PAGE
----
The thin edge of the wedge: extremely high extinction risk in wedgefishes and giant guitarfishes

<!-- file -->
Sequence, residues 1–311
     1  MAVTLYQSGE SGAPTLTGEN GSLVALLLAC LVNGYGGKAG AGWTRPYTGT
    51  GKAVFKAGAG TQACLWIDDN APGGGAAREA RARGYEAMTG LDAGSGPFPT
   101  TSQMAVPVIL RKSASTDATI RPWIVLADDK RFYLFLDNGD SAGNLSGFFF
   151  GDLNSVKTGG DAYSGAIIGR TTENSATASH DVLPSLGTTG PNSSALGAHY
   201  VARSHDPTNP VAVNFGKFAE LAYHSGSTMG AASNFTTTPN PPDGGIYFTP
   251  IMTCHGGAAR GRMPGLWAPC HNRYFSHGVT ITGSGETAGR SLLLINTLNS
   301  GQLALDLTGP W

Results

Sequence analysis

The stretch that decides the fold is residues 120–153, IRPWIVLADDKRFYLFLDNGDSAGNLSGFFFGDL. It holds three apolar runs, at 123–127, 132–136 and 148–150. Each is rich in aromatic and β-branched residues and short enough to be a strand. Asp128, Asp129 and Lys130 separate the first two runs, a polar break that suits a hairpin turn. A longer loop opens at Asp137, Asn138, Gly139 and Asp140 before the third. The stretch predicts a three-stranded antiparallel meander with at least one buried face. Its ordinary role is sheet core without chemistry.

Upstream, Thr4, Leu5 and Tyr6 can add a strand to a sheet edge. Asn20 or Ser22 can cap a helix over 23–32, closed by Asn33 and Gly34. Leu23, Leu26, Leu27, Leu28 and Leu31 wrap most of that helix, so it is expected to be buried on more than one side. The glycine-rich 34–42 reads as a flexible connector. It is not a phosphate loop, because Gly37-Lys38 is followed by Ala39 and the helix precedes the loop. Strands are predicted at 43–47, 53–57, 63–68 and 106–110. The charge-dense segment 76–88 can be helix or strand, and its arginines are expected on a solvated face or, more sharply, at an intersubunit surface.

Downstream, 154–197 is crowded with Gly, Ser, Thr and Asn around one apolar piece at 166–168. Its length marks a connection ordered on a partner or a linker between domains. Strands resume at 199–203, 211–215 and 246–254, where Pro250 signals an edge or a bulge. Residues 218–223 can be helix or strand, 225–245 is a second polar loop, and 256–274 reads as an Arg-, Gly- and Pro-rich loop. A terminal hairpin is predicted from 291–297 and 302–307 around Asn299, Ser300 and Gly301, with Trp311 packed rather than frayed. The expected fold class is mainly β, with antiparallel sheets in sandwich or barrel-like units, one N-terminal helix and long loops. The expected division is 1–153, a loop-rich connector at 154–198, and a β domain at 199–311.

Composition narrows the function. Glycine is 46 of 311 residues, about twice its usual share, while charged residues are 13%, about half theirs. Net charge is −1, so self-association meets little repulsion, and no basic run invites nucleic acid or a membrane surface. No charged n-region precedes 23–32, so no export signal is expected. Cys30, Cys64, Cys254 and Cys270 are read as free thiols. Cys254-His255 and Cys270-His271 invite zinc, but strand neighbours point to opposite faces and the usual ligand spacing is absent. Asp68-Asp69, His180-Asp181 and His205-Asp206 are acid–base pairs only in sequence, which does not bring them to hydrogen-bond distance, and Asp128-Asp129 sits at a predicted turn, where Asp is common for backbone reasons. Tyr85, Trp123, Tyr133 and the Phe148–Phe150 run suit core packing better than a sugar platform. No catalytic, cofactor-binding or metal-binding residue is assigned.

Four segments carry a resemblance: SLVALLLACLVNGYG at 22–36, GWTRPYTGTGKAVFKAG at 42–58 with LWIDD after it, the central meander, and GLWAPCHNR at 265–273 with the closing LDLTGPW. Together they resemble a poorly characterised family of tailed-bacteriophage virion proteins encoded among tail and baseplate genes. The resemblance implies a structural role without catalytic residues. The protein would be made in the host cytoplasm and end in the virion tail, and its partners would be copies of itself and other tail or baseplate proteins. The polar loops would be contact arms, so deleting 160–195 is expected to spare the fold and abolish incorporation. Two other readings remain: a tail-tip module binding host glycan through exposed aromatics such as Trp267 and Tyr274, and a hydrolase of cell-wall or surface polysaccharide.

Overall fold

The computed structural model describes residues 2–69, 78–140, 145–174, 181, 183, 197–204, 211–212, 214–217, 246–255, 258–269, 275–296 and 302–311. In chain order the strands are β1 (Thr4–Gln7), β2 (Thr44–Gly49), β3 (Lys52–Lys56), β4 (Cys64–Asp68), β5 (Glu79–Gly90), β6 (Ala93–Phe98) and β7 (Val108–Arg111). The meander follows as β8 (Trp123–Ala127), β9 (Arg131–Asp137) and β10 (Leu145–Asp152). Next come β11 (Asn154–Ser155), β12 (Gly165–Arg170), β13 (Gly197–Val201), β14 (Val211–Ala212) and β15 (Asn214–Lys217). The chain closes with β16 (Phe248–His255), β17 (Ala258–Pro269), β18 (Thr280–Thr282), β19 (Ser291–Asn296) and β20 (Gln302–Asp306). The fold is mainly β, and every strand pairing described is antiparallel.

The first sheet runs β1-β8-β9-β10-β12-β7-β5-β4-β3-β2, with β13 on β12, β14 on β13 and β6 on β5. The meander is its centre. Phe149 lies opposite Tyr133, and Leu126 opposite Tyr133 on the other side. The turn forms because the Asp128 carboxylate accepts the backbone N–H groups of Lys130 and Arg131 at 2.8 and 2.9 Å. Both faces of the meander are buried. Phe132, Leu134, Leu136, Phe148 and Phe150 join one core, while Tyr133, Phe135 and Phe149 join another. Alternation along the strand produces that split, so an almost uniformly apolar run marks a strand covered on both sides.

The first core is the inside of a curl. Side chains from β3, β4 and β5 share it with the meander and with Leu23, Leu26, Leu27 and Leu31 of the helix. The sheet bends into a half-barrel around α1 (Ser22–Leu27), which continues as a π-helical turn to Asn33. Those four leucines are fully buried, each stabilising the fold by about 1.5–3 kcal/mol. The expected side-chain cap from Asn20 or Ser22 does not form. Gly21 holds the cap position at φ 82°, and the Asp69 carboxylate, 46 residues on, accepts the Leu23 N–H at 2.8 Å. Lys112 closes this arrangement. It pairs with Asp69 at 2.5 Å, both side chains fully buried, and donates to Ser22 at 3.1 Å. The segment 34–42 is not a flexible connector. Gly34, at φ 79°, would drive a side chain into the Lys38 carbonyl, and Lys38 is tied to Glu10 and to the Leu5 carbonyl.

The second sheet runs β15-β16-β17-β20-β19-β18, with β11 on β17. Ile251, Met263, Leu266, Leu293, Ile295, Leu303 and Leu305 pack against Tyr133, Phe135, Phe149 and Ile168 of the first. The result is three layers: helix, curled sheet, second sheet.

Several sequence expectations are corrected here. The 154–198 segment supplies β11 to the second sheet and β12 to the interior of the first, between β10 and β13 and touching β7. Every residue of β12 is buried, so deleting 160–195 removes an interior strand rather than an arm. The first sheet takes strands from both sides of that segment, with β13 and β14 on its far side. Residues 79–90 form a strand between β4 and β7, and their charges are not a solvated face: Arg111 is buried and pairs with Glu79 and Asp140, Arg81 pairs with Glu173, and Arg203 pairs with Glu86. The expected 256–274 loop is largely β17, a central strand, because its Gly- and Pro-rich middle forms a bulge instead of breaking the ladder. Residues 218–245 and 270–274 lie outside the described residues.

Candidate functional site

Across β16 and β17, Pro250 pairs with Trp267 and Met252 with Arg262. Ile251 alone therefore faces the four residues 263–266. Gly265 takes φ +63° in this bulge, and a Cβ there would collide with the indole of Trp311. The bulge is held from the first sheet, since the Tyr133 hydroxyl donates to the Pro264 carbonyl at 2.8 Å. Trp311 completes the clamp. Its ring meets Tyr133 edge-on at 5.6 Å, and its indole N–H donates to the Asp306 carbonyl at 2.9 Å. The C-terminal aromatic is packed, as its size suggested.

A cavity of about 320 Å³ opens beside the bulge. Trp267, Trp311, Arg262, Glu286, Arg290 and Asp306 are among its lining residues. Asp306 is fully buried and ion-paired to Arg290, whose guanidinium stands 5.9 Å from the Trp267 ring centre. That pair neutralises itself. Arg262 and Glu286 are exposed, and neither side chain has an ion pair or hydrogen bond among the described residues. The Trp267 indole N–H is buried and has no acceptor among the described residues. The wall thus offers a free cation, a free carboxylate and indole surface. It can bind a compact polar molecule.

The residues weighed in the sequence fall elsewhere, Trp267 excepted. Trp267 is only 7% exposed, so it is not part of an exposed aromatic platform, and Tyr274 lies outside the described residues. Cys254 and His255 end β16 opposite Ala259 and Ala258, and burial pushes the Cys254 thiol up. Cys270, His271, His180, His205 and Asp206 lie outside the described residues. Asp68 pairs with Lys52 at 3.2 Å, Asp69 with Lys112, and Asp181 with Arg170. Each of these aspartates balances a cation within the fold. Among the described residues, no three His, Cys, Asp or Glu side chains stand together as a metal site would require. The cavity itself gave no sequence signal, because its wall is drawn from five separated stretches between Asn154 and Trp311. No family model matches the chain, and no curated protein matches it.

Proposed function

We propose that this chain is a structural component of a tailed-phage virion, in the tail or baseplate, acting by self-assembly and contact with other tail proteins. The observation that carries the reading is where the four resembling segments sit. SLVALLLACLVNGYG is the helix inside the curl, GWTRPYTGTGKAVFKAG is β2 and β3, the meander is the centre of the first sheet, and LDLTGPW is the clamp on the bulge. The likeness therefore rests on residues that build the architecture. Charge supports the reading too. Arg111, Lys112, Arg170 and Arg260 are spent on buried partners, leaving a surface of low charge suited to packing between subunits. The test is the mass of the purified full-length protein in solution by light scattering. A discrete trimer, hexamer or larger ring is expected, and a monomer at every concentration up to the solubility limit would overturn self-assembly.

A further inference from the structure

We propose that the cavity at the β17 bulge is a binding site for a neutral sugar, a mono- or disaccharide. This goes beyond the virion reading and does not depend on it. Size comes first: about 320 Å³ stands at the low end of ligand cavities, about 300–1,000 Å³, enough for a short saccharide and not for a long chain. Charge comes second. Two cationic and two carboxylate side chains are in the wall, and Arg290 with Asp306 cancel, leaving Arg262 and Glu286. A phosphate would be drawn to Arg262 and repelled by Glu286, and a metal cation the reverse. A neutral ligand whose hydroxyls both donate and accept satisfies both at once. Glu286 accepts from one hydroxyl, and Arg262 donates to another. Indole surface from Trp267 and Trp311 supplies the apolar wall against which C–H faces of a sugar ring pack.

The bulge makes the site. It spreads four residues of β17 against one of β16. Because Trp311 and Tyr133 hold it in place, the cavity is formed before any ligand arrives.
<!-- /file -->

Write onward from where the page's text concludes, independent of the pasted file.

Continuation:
Wedgefishes and giant guitarfishes have overtaken sawfishes as the most imperilled marine fish families globally, with all but one of the 16 species facing an extremely high risk of extinction through a combination of traits: limited biological productivity; presence in shallow waters overlapping with some of the most intense and increasing coastal fisheries in the world; and overexploitation in target and by-catch fisheries, driven by the need for animal protein and food security in coastal communities and the trade in meat and high-value fins. Two species with very restricted ranges, the clown wedgefish (Rhynchobatus cooki) of the Malay Archipelago and the false shark ray (Rhynchorhina mauritaniensis) of Mauritania, may be very close to extinction. Only the eyebrow wedgefish (Rhynchobatus palpebratus) is not assessed as Critically Endangered, with it occurring primarily in Australia where fishing pressure is low and some management measures are in place. Australia represents a ‘lifeboat’ for the three wedgefish and one giant guitarfish species occurring there. To conserve populations and permit recovery, a suite of measures will be required that will need to include species protection, spatial management, by-catch mitigation, and harvest and international trade management, all of which will be dependent on effective enforcement.